"CONCERNING A PROPOSED TRANSLATION OF THE EDDA"
by Lee Hollander
Scandinavian Studies and Notes, Volume 5, 1919

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It is strange—to say the least—that there is no good complete translation of the Poetic Edda on the market.
There is Benjamin Thorpe's version, published in 1866. This was a rather poor performance at the time and is now out of print. It was, to be sure, reprinted in the so-called "Norraena Series", but as to this, least said is soonest mended. For that matter, I never was able to arrive at any conclusion as to whether Thorpe's performance was meant to be in verse or prose.
The very respectable prose version of Vigfusson in the Corpus Poeticum Boreale, made in 1884, is now thoroughly antiquated. At best, it represented the frequently erratic and generally unacceptable theories of that brilliant scholar. It is on the market for those who can pay $30. It has not been, nor does it deserve to be, reprinted.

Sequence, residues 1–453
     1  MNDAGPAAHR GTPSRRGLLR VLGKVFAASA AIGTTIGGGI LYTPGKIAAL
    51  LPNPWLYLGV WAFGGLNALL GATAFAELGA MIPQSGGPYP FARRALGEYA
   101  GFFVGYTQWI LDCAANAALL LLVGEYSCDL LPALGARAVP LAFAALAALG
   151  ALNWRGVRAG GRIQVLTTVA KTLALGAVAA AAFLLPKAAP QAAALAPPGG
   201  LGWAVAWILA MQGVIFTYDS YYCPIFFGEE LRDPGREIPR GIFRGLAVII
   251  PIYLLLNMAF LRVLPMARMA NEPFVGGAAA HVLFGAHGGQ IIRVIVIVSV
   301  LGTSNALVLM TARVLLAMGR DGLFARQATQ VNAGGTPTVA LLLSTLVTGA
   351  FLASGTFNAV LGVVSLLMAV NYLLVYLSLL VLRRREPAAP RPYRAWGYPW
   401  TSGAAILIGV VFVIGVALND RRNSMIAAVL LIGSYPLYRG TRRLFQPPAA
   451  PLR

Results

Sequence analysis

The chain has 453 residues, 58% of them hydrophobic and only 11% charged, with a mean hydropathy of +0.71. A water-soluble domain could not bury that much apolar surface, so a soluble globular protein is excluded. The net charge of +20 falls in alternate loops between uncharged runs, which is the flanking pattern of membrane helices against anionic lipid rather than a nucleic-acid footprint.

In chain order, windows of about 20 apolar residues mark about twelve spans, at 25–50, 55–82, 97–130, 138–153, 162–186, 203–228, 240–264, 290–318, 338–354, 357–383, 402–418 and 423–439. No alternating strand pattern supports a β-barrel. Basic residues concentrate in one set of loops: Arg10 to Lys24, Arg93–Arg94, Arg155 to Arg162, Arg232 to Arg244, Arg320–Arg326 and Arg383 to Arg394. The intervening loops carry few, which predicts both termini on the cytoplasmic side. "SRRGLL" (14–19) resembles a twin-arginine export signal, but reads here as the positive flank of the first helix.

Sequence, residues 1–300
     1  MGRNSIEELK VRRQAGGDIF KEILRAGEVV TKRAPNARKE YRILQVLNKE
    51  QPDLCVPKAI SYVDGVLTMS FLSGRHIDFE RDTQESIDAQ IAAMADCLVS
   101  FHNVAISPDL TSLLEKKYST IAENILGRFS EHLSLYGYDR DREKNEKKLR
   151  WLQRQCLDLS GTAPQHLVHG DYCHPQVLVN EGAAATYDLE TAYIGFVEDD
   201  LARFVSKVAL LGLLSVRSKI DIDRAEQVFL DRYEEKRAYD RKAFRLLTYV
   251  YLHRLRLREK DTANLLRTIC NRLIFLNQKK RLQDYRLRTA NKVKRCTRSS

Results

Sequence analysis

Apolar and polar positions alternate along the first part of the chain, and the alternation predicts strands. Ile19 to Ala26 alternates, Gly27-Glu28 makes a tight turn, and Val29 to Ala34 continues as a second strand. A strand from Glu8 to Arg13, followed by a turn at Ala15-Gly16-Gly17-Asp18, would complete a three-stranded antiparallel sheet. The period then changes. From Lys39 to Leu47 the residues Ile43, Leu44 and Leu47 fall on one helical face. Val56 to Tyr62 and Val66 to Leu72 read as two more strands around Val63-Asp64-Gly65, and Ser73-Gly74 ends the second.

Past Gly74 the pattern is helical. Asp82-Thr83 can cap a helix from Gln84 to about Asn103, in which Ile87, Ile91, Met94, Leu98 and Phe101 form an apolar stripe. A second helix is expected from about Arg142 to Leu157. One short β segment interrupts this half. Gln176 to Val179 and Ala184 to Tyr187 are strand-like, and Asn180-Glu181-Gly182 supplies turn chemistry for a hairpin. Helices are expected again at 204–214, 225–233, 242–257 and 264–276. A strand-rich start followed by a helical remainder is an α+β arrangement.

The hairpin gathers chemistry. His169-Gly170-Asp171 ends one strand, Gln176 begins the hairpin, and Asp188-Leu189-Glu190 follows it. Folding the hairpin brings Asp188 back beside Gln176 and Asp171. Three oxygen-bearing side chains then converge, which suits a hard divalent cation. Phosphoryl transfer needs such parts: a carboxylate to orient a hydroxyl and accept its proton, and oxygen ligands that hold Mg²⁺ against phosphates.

Lastly, there is Olive Bray's pedestrian translation (1908) of the mythological poems of the Edda published in the Transactions of the Viking Club.1 As no more has appeared, these ten years, it is safe to say that the undertaking has, for the time being, been abandoned.
1 Viking Club Translation Series. Vol. 2.
Fortunately, it is not likely that this regrettable condition will continue long. As I learn, there are now no less than five new versions under way, nearing completion, or completed. It is not easy to forecast how good these will be, but the hope is justifiable that the publishers will consult competent scholars on their respective merits. My own translation is one of those nearing completion. While engaged in this work the following reflections and considerations have occurred to me.